Perpetual Motion Machines – Why I don’t believe in bicycles

A gif animation of a cyclist moving in three frames

I don’t believe in bicycles.

No, let me specify: I don’t believe in the physics that govern bicycles.

Even more specific: I don’t believe in the physics that govern the movement of bicycles.

A gif animation of a cyclist moving in three frames

A bicycle cannot stand up unless it is in motion. It will slump in a rigid heap on the ground in an instant if left to balance by itself. So how can something that does not have enough balance to stand still manage to stay upright while moving. My theory: human imagination.

Human imagination had to be present to build the bicycle in the first place. The history is remarkable – to conceive a two-wheeled moving machine that could propel a person through space, and yet cannot stand up by itself, is frankly bizarre. The discovery must have been monumental.

Today, even with our great understanding of physics, it is still debated as to how aeroplanes gain lift and leave the runway. I once flew a plane and this is what my instructor told me on the first lesson, to settle my nerves.

A photograph of an aeroplane from beneath in a very blue sky

It is generally accepted that changes in pressure below and above the wings create “lift”, and that this is how an aeroplane can leave the surface of the earth. The principles that govern the gliding motion of a plane, or the rudder/engine propulsion are uncontested, yet the principle that governs lift, to this day, over 100 years since the invention of the flying machine, is still contested.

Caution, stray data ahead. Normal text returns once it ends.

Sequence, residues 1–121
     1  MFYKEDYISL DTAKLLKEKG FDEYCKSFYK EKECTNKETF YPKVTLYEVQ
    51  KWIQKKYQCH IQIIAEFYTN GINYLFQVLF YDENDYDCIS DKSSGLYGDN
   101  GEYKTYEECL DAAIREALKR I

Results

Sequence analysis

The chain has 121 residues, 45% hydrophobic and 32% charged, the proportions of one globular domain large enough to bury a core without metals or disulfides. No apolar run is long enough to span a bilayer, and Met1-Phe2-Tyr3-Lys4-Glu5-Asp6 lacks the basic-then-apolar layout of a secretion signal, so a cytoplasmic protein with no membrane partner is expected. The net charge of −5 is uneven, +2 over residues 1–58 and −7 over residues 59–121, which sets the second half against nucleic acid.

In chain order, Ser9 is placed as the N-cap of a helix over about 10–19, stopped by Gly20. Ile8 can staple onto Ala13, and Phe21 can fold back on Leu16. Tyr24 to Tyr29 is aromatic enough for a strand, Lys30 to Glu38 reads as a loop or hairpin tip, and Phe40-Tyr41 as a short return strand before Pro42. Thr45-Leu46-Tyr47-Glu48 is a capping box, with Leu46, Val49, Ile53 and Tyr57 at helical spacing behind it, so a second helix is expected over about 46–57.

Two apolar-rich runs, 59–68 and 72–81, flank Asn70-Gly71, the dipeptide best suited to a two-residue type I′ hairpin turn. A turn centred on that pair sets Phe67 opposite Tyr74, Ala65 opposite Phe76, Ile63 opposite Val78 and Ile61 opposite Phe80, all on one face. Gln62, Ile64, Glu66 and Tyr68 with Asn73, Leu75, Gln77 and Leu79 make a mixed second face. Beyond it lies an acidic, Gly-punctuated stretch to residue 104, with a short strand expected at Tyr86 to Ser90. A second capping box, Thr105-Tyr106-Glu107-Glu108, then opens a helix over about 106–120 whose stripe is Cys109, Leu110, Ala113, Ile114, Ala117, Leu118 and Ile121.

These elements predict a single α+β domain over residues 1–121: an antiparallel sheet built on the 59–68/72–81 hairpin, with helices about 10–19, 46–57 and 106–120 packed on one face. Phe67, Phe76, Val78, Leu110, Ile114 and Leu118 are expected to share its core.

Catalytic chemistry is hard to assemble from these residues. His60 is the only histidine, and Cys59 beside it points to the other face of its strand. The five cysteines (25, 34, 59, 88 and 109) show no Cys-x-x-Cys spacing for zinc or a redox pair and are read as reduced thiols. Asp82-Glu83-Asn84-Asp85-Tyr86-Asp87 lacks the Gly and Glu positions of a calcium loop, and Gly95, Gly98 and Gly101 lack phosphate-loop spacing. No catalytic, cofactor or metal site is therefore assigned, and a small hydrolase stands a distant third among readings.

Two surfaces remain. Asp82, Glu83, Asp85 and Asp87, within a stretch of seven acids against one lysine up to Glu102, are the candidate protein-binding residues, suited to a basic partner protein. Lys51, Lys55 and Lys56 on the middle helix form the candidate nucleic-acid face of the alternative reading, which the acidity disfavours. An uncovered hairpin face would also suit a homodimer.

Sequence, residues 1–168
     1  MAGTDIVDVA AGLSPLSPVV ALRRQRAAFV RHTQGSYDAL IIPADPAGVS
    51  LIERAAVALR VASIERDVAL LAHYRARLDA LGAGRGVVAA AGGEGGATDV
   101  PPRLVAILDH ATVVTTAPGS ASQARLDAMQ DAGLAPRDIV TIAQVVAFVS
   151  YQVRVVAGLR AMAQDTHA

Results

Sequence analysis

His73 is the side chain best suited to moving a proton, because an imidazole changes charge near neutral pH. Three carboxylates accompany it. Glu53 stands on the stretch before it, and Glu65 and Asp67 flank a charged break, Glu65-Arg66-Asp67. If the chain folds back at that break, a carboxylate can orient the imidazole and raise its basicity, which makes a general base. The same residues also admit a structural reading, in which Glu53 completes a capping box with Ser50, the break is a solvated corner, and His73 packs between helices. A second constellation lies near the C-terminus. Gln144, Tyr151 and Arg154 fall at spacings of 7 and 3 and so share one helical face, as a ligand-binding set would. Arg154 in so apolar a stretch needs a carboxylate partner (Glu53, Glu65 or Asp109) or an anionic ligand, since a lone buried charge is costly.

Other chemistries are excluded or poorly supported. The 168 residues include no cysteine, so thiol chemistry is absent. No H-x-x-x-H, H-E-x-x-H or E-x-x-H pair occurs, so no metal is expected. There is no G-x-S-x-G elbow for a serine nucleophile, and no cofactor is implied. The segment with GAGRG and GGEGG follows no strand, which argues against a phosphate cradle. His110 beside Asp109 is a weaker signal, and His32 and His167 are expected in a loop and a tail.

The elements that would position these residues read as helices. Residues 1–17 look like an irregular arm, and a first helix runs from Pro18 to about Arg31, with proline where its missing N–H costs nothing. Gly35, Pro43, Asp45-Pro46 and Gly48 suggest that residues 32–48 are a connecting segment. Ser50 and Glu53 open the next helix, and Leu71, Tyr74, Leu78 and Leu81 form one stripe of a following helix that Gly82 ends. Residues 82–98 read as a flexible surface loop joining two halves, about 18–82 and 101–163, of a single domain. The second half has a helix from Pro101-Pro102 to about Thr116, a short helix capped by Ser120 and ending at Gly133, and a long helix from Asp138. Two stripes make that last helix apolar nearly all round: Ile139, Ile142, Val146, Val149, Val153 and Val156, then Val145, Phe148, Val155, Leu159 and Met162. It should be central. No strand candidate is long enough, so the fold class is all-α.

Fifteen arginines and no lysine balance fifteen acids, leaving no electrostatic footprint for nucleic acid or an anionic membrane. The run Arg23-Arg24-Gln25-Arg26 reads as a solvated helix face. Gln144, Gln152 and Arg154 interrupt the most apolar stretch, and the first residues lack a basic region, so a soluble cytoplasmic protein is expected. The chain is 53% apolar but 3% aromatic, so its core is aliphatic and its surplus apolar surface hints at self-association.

This is how I feel about the principles governing bicycles.

This idea was contributed¬†to Wikipedia by “expert” Joel Fajans:

The rider applies torque to the handlebars in order to turn the front wheel and so to control lean and maintain balance. At high speeds, small steering angles quickly move the ground contact points laterally; at low speeds, larger steering angles are required to achieve the same results in the same amount of time. Because of this, it is usually easier to maintain balance at high speeds.

I can personally confirm that this is entirely incorrect, as I recently found out after a tremendous fall off my bike that has resulted in a broken bone (after I began writing this post). High speeds do not maintain balance.

A photograph of a bicycle bathed in bright light

My hypothesis: The bicycle can only remain balanced if the will of the human being riding it is strong enough. This will is a combination of imagination and luck (90/10 split) and is the only thing that can keep an object, which has no business standing up by itself, standing. This is the reason for my own accident – I didn’t lose my happy thought, or run out of fairy dust. I had just stopped believing.

I therefore submit the bicycle into the ambiguous category of the “perpetual motion machine”. If the balance of bicycles can only continue while they are moving, then what I regard as their principle point of existence, as moving transportation machines, is all but pitifully useless, unless in perpetual motion. So through the power of imagination, a bicycle solves two human quandaries: First, it explains its own existence, and second it ensures that a perpetual motion machine can also exist. The only other possible explanation is that bicycles have consciousness and personality, but I submit to the grander ideas of Professor De Selby on that aspect.


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